So what changes so dramatically when a baby travels down the birth canal and lets out that first feeble cry? At what point do they magically become human and worthy of protection when a mere few months earlier we say their existence is only optional?

If life does not begin at conception, when does it begin?

At 10 weeks?

20 weeks?

30 weeks?

40 weeks?

And who gets to decide at what point a new life is formed enough to have rights of its own?

We go to great lengths to get prenatal care and help women make healthy choices during pregnancy.

Why does it matter if my children’s birth mothers exposed them to harmful substances in the first two months of their lives if they weren’t really classified as a life at all?

And what determines our value?

Who gets to decide which lives are valuable and which ones are discarded?

Are we put on some type of scale to determine our level of significance to the world to decide whether or not we hold enough value to deserve an existence?

Maybe it’s our level of dependence on another human being, our physical or mental capabilities. Maybe it’s our IQ level or emotional intelligence that should dictate our worth.

Maybe it’s whether or not our birth was planned, if we developed fully in utero or if we were wanted.

Who gets to decide?!

I care about this because the ripples of abortion are deeply personal to me.

Four of my children deal with physical, emotional and neurological differences that set them apart from their peers. They learn differently, they process differently, they see the world through different eyes.

Would you put them on a scale and rank their worth next to their peers in accordance with their abilities?

If life before birth can be evaluated and discarded based on certain qualities, why not after birth as well?

What if someone could have seen the extent of my children’s struggles and abnormalities?

What if the years of neglect, trauma, turbulence in foster care, unusual chromosomes, neurological damage, physical weaknesses and difficult family circumstances they were entering into were deemed to be too difficult?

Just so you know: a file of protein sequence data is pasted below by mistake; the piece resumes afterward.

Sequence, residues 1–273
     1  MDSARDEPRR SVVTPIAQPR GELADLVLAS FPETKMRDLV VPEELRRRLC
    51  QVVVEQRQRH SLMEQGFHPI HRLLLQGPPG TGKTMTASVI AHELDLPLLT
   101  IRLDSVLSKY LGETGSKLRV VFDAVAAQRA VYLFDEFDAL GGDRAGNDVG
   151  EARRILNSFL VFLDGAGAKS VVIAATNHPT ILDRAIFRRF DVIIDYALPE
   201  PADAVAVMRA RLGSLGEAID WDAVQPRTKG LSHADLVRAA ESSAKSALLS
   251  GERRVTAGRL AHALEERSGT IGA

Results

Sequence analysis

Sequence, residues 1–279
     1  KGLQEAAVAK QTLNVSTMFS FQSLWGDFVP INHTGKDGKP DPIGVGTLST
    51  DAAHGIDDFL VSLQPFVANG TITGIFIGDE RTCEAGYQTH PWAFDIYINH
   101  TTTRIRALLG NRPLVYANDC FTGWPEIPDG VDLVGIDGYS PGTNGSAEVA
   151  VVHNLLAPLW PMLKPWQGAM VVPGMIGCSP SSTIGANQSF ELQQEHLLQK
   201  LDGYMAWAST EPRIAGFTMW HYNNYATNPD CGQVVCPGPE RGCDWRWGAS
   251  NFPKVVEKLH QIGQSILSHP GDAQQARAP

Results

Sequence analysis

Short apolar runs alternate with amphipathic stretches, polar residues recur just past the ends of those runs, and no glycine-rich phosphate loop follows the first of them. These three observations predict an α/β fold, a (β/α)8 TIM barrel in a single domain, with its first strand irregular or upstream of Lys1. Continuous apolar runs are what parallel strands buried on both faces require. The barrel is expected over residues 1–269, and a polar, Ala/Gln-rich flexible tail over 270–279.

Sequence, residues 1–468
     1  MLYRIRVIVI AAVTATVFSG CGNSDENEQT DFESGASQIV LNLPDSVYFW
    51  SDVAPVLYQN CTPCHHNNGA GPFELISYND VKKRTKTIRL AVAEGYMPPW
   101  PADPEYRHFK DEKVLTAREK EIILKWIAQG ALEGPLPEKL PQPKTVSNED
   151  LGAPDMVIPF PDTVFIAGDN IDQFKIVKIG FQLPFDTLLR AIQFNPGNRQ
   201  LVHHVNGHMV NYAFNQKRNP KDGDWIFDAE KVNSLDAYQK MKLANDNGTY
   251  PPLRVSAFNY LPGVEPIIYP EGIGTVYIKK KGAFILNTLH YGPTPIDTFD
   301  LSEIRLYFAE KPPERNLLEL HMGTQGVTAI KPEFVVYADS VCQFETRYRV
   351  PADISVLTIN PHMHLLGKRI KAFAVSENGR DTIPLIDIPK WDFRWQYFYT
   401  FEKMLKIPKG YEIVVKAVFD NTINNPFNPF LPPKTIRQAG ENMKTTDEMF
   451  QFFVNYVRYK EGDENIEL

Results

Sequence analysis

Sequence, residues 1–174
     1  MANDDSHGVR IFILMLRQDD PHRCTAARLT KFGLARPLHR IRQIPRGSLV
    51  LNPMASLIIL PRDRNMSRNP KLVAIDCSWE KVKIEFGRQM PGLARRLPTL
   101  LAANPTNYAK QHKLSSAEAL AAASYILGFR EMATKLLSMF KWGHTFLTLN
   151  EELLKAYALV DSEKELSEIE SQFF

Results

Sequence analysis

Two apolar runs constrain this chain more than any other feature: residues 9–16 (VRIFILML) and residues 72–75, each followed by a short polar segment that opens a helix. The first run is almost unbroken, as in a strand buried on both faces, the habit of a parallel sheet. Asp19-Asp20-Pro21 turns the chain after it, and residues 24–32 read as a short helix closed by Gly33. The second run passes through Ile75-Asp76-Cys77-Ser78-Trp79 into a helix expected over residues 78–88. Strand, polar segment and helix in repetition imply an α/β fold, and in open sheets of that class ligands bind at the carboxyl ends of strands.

What if someone had decided they were not worth it, not wanted, not valuable enough?

“They’ll just spend years in foster care when their teenage parents cannot care for them.”

“They will struggle all their lives; it isn’t fair to them.”

“Their mother isn’t ready to have a baby. She’s so young.”

Who would have protected their right to the beautiful, rich lives they live today? Who would have imagined the unique, irreplaceable talents and skills they bring to the world, my world, today?

Where are those women?

Where are the women who will sit day and night beside the tiny plastic bassinet in the ICU while a vulnerable premature baby fights for life, surrounded by wires, tubes and monitors?

Where are the women who will take in the child who has lost their first parents, been abandoned, neglected or abused, believing that the life they are taking into their care is worth the sacrifice of comfort, time and freedom?

Where are the women who will fight passionately for the rights of every human life to be preserved, protected and valued?

I Believe women should have rights…but not for women’s rights to be placed above every other human’s rights.

I don’t want my rights to trump the rights of my children, my husband or anyone else.

That is not equality and that is not the kind of world I want my daughters to grow up in.

I want to raise daughters who value their femininity and see the incredible ability for nurture, intelligence, beauty and life they bring to the world as women.

I want to raise daughters who are willing to lay down their comfort, sacrifice their freedom and discipline their minds and hearts to serve their communities, families and the world we live in.

Women who can both lead and follow.

Women who will travel across the globe to invest in developing careers for women living in poverty, to dedicate their lives to raising the next generation, to empower their husbands and sons with strength and integrity that only a woman can inspire in a man.

I am pro life because I believe life begins at conception and that God is the author and keeper of each new life.

I am pro life because I believe each new life is carefully crafted in the image of God, and therefore every life matters and that every life deserves to be protected.

I realize I have painted this picture very black and white. I know there is unimaginable pain, trauma and so many complicated layers to this issue. Probably some of you have been triggered very painfully by this post, and for that I am so sorry.

The pro choice movement would lead us to believe that a woman’s choice to abort brings freedom, healing and empowerment to women caught in impossible situations.

However, they leave out the reality that abortion accepts sacrificing the life of an unborn child is necessary and acceptable. The ramifications and ripple effects of that declaration are devastating.

The pro choice movement also fails to acknowledge the incredible physical, psychological and emotional trauma women experience post abortion. Abortion rarely improves a woman’s difficult situation, but instead adds another toxic layer of grief and loss. It emphasizes the results of trauma as a problem versus the trauma itself.